You wouldn’t notice that Upul Tharanga has notched up 6951 runs in One-Day cricket. You wouldn’t also notice that the left-handed opener is the eighth highest run getter for Sri Lanka in the 50 over format. Having played his last ODI more than a year ago, hope is fading away that Upul can make a comeback and have a crack at that 7000 mark. But he is not giving up – playing the game for his beloved NCC, maintaining fitness and keeping the selectors in the loop about his whereabouts.
*Courtesy – The Island
Upul landed at the big stage aged 20 soon after Tom Moody had taken charge. The tall Australian was keen on ushering in youth to the senior set up and Upul was one of the players who benefited. Moody’s sound judgment was spot on. In his first year in the big stage, Upul had scored six ODI hundreds. Not just on slow, low turners of Colombo and Dambulla but at venues like Christchurch, Leeds, Lord’s, Ahmedabad and Mohali.
Some of them included World Records as well. In 2006, England had set up Sri Lanka a target of 322 to win the fifth and final ODI. A formidable total 15 years ago, but Sri Lanka were so good in chasing those days, they reached the target in 38 overs.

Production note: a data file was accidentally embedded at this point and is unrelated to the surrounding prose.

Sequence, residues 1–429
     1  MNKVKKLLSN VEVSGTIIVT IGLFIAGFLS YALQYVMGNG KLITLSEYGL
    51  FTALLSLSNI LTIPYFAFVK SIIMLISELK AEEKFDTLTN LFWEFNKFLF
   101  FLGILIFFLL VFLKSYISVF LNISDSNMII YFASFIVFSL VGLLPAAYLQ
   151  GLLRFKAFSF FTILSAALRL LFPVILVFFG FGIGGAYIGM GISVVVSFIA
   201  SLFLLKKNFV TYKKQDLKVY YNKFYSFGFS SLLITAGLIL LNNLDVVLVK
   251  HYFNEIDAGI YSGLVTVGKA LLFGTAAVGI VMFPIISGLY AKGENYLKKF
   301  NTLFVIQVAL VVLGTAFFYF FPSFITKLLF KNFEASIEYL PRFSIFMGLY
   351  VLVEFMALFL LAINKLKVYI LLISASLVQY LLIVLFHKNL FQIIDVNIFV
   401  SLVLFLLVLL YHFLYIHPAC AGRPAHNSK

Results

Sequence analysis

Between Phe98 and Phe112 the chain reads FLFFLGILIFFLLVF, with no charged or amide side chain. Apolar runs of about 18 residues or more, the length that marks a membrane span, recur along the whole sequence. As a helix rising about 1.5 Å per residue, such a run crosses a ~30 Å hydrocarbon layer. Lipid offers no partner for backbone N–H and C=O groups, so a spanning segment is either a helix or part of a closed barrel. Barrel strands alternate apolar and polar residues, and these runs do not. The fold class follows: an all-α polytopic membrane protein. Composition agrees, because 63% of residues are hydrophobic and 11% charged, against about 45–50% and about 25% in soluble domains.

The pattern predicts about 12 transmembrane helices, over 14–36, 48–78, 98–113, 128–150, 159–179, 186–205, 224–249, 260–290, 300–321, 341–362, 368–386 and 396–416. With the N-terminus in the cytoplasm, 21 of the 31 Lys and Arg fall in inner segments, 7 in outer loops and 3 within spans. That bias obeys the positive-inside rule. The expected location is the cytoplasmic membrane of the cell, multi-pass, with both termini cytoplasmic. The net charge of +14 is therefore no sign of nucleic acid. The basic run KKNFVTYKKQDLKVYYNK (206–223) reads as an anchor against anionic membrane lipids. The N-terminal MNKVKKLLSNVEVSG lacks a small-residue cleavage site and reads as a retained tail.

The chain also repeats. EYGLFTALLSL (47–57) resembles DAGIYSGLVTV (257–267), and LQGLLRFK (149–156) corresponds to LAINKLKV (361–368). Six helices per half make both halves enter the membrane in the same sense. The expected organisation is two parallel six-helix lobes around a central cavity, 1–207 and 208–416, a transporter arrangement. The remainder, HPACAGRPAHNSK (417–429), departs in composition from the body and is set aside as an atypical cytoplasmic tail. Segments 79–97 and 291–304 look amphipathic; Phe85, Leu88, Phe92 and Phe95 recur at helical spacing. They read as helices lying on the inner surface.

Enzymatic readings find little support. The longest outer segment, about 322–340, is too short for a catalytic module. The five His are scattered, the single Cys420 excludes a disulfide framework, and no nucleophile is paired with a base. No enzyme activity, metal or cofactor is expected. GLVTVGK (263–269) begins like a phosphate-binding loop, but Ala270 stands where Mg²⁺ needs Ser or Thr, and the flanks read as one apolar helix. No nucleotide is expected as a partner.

Upul (109) and Sanath Jayasuriya (152) had shared a World Record 286 run stand for the opening wicket in just 191 deliveries! That was some hitting and ended the international careers of some English players. Kabir Ali, who took the new ball never played for England again. So too Vikram Solanki. Sri Lanka completed a 5-0 whitewash that day in the heart of English cricket – Leeds.
However, the hundred that Upul cherishes most is the 120 he made at Lord’s on the same tour in what was the opening encounter of the series. Sri Lanka managed only 257 in that game and it wasn’t the easiest pitch to bat on.
Upul had a brief stint as Sri Lanka’s captain. Chosen to lead the side during one of the toughest phases for the team, the results didn’t go his way but he kept fighting. Upul was a team man. He had been an opening batsman throughout his career and when there were requirements for the team to introduce new openers, he willingly went down to the middle order and did a fine job.
More importantly, he was an exemplary character and set high standards during challenging times for Sri Lankan cricket where there were several corruption investigations.